December 3, 2012

Blog Space Nine #21:"Crossover"

Something goes awry as Kira and Bashir travel through the wormhole. Once back in the Alpha Quadrant they find the station has inexplicably moved. Then they are arrested by a Klingon patrol, and find that Deep Space Nine is under the control of a Klingon-Cardassian alliance, and another Kira Nerys is in command.

In Japanese animation there's this phenomenon known as "fan service". Usually it refers to those slightly skeezy shots of teenage girls' underwear, but when it boils down to it fan service is all about giving the hardcore what they want, no matter how offputting it might be to the general viewer. "Crossover", then, is fan service run riot in the most gleefully egregious of ways. We don't get women in their underwear (although, to be fair, we do get a naked Kira Nerys). What we do get is a brazen sequel to an episode of Star Trek's original series.

"Mirror, Mirror" remains a classic episode of the Original Series, with a transporter accident throwing Captain Kirk into a parallel universe where humans rule a militaristic empire rather than a peaceful Federation. "Crossover" picks up where that episode left off by showing what happened in that parallel universe in the 80 subsequent years. Kirk's interference led to the Earth Empire declaring peace, which gave the Klingons and Cardassians the opportunity to invade and take over everything. It's an incredibly downbeat revelation: Kirk's successful attempts to persuade Mirror Universe Spock to stop being evil wound up causing abject misery for generations of human beings and Vulcans.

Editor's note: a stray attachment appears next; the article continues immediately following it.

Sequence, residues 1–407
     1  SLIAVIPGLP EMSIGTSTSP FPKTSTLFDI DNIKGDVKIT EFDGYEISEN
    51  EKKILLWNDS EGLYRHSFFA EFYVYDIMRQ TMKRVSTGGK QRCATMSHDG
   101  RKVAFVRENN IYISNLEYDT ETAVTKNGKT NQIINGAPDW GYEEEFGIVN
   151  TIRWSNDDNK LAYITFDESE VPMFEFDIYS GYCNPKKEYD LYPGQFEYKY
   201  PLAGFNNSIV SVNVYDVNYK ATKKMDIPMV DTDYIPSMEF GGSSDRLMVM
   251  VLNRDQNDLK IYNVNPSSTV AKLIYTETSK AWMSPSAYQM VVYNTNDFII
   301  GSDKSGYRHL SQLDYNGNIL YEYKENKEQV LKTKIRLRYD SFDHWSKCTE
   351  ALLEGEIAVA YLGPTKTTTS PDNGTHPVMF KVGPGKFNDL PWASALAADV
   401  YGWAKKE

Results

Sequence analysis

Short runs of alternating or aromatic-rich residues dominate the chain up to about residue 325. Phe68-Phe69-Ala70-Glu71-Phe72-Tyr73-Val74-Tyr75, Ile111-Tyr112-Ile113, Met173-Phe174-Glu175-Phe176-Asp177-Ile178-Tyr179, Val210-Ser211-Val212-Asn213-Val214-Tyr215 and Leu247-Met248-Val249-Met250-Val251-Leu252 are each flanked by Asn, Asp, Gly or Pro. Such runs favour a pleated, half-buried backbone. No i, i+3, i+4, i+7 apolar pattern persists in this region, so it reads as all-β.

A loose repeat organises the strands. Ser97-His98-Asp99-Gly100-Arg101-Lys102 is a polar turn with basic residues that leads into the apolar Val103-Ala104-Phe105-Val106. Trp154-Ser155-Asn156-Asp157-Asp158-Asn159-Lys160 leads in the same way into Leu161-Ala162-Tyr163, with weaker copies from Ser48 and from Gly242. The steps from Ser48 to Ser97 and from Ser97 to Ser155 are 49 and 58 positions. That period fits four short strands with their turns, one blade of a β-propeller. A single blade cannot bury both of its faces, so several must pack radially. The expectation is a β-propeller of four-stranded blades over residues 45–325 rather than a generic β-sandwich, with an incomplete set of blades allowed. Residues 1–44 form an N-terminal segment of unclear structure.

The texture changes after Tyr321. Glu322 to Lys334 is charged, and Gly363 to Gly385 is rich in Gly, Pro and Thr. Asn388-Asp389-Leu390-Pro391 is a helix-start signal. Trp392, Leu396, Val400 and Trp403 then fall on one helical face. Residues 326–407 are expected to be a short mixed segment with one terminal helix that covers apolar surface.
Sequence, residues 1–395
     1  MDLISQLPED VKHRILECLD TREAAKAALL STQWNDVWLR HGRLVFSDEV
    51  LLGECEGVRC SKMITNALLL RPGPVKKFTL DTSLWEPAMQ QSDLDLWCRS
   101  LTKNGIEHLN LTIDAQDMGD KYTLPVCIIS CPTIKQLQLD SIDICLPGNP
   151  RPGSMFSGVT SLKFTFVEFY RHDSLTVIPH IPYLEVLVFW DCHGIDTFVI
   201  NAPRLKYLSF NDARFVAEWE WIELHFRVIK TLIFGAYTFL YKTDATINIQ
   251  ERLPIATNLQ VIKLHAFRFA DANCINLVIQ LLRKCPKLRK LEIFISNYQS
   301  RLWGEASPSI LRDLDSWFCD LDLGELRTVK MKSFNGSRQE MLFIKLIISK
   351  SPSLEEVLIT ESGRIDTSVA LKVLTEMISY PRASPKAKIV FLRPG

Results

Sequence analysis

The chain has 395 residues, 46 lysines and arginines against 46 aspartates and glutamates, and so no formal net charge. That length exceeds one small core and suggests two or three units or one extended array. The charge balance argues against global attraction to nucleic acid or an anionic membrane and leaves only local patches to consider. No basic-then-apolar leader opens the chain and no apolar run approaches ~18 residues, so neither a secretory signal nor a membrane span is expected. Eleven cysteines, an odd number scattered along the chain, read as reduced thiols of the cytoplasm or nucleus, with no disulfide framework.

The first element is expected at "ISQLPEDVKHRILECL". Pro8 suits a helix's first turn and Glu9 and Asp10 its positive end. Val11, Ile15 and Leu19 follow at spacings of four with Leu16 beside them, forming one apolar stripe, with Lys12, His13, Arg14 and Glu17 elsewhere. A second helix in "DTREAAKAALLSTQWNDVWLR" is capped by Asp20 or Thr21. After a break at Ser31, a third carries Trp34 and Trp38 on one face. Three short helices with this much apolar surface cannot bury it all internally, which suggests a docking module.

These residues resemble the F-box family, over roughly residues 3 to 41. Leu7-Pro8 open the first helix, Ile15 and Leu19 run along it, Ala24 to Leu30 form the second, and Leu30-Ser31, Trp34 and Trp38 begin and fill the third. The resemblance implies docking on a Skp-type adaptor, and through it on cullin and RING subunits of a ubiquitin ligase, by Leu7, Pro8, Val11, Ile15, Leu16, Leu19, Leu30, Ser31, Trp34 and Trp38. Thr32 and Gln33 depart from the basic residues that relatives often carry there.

There's always something appealing about parallel universe episodes: you get to see your favourite characters re-envisaged in new ways. Here we encounter a sadistic Garak, Odo as a violent slave overseer, a benevolent Quark who does things for free, and Sisko as a space pirate. Strangest of all is the Mirror Kira, who's performed by Nana Visitor as a highly seductive, childish and bisexual predator. The representation of Mirror Kira borders on homophobia, but thankfully doesn't skirt any further than that border. It's still disturbing, but not to the extent that it spoils the episode.

Make no mistake: "Crossover" is unapologetic fan pornography. Coming only five or six weeks after "Blood Oath", it suggests a desperate desire on behalf of Deep Space Nine's writing team to cement their series more firmly in the Star Trek universe. Season 1 was peppered with Next Generation characters - Q, Vash, Picard, Lwaxana Troi and so on - and now Season 2 seems intent on doing the same with the original Trek. It is enjoyable, but also fluff. 17 good episodes out of 23 makes for a season score of 74%.

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